CSSP2: An improved method for predicting contact-dependent secondary structure propensity

Sukjoon Yoon, William J. Welsh, Heeyoung Jung, Young Do Yoo

Research output: Contribution to journalArticlepeer-review

15 Citations (Scopus)


The calculation of contact-dependent secondary structure propensity (CSSP) has been reported to sensitively detect non-native β-strand propensities in the core sequences of amyloidogenic proteins. Here we describe a noble energy-based CSSP method implemented on dual artificial neural networks that rapidly and accurately estimate the potential for the non-native secondary structure formation in local regions of protein sequences. In this method, we attempted to quantify long-range interaction patterns in diverse secondary structures by potential energy calculations and decomposition on a pairwise per-residue basis. The calculated energy parameters and seven-residue sequence information were used as inputs for artificial neural networks (ANNs) to predict sequence potential for secondary structure conversion. The trained single ANN using the >(i, i ± 4) interaction energy parameter exhibited 74% accuracy in predicting the secondary structure of test sequences in their native energy state, while the dual ANN-based predictor using (i, i ± 4) and >(i, i ± 4) interaction energies showed 83% prediction accuracy. The present method provides a simple and accurate tool for predicting sequence potential for secondary structure conversions without using 3D structural information.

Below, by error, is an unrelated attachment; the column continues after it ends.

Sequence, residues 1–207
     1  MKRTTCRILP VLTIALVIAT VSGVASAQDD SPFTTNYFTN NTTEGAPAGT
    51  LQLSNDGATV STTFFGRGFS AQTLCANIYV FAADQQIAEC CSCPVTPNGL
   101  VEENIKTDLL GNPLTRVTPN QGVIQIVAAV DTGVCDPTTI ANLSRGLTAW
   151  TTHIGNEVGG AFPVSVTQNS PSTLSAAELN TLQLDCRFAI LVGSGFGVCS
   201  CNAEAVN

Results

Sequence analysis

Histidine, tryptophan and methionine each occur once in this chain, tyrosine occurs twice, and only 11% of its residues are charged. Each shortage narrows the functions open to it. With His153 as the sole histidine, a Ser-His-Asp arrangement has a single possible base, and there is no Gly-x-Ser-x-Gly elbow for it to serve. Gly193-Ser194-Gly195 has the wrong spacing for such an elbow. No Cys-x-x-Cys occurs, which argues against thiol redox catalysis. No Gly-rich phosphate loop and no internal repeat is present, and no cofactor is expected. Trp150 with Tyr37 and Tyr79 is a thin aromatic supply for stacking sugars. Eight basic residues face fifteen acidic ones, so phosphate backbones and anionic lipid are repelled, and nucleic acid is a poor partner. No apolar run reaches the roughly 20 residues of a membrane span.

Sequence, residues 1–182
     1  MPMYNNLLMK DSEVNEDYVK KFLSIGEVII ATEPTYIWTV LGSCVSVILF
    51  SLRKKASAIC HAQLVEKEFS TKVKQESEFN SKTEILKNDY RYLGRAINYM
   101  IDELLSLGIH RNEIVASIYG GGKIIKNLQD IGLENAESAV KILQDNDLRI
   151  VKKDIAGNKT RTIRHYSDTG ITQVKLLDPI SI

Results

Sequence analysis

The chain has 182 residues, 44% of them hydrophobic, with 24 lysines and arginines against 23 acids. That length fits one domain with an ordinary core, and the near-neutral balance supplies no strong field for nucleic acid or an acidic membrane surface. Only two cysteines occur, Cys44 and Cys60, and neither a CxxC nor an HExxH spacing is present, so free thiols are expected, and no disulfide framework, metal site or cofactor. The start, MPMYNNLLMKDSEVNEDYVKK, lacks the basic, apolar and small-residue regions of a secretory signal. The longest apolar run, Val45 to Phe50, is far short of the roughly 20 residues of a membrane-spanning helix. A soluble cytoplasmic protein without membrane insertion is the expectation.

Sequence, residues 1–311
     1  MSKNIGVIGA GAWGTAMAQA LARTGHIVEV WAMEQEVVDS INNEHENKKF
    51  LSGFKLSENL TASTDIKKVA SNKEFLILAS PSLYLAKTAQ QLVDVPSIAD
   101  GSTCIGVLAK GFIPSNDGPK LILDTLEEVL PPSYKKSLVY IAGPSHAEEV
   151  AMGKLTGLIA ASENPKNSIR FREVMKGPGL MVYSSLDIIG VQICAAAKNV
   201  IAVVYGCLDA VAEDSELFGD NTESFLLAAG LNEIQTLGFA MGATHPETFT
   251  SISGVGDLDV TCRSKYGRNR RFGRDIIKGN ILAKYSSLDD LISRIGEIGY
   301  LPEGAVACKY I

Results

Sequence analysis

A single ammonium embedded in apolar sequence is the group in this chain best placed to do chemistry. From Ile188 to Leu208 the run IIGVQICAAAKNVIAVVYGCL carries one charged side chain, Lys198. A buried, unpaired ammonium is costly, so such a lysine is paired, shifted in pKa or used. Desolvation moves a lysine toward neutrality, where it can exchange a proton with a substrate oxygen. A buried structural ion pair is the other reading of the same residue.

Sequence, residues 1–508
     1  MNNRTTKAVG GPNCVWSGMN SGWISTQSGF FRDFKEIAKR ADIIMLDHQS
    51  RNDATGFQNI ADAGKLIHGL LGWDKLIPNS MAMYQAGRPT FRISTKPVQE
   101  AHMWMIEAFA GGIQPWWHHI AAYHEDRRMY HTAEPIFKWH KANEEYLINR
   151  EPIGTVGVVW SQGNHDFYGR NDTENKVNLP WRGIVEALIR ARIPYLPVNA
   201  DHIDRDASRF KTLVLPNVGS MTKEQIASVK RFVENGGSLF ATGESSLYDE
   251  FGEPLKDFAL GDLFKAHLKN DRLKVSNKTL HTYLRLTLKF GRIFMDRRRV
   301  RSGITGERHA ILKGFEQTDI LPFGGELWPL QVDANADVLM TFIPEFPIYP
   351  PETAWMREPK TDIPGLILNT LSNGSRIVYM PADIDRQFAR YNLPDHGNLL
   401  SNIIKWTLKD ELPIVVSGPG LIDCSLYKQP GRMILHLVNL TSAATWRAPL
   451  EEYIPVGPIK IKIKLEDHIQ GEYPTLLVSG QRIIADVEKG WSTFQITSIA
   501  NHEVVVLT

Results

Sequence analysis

Original languageEnglish
Pages (from-to)373-377
Number of pages5
JournalComputational Biology and Chemistry
Issue number5-6
Publication statusPublished - 2007 Oct

Bibliographical note

Funding Information:
This work was supported by Korea Research Foundation Grant funded by Korea Government (MOEHRD, Basic Research Promotion Fund) (KRF-2005-003-C00158). This work was also supported by the SRC/ERC program of MOST/KOSEF (R11-2005-017-01003-0) and by grant No.R01-2006-000-10515-0 from the Basic Research Program of the Korea Science & Engineering Foundation. This research was also supported in part by NIH Integrated Advanced Information Management Systems (IAIMS) Grant # 2G08LM06230-03A1 from the National Library of Medicine (to W.J.W.).


  • Amyloid fibril formation
  • Artificial neural network
  • Energy decomposition
  • Machine learning
  • Secondary structure prediction

ASJC Scopus subject areas

  • Structural Biology
  • Biochemistry
  • Organic Chemistry
  • Computational Mathematics


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